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HbS and gene therapy

Posted on 2 Apr 2017

HbS refers to the sickle hemoglobin. Quick intro here: hemoglobin is the red protein responsible for transporting oxygen in the blood. HbS is associated with the disease known as sickle cell anemia (SCA). There are many variants of Hb protein, namely the fetal hemoglobin (HbF), hemoglobin A (HbA), and hemoglobin B (HbB). In a patient with SCA, there is a problem with certain subunits of the Hb protein, therefore giving rise to the sickle cell blood phenotype.

SCA results from the homozygous missense mutation in the β-globin gene that causes polymerization of hemoglobin S. This disease has been a great interest in the scientific community because we know enough about the genetic and pathway of this disease. We know enough to carry out experiments to cure this disease.

Let’s get to the gene therapy part. A group of researchers from Necker Children’s Hospital in central Paris, France, performed a gene therapy procedure on a patient suffering from SCA. In this report, a boy suffered from homozygous HbS. In May 2014, he was enrolled in a clinical study to first fully determine the nature of his HbS. In October 2014 when he was about 13 years old, he received an infusion of the drug product LentiGlobin BB305.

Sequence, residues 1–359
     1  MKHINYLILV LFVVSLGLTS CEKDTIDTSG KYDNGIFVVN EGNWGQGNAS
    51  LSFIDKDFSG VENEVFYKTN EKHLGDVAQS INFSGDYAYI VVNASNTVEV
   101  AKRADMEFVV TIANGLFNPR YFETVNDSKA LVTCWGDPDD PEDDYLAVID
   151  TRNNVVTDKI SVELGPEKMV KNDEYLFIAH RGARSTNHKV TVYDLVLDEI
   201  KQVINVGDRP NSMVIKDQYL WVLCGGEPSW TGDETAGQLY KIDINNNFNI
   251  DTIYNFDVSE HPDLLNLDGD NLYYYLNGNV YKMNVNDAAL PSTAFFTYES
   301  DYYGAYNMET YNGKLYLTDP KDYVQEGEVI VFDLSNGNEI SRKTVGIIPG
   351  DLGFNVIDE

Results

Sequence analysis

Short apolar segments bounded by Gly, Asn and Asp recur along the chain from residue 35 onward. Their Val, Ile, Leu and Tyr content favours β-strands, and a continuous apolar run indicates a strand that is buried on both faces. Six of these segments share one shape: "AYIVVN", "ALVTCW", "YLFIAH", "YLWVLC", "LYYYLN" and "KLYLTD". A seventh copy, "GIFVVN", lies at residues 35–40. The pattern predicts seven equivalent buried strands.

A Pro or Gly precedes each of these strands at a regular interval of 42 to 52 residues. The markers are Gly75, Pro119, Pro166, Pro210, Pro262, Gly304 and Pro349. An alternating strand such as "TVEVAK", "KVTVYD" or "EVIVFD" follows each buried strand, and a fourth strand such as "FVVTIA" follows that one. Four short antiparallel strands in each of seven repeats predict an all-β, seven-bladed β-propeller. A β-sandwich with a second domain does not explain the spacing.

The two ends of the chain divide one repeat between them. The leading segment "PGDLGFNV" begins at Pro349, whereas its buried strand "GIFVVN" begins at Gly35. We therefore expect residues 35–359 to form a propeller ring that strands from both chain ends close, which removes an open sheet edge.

So what’s LentiGlobin BB305?

It is a viral vector carrying a modified variant HbB, I believe. It is described as a self-inactivating lentiviral vector, capable of inhibiting the HbS polymerization. First, the researchers obtained bone marrow from the patient to collect sufficient stem cells for gene transfer. After a select bone-marrow cell type was enriched, the cells were then transduced with the LentiGlobin BB305 vector. The patient was discharged on day 50 and about 15 months after transplantation, no SCA-related clinical events were reported afterward.

I have to admit that I do not really understand this paper. There are a number of things I need to learn more:

By the way, do you know that if a person is heterozygous for HbS, he/she is protected from malaria (P. falciparum) infection? That’s pretty cool.

Literature sources:

More update(s) will come soon in the future!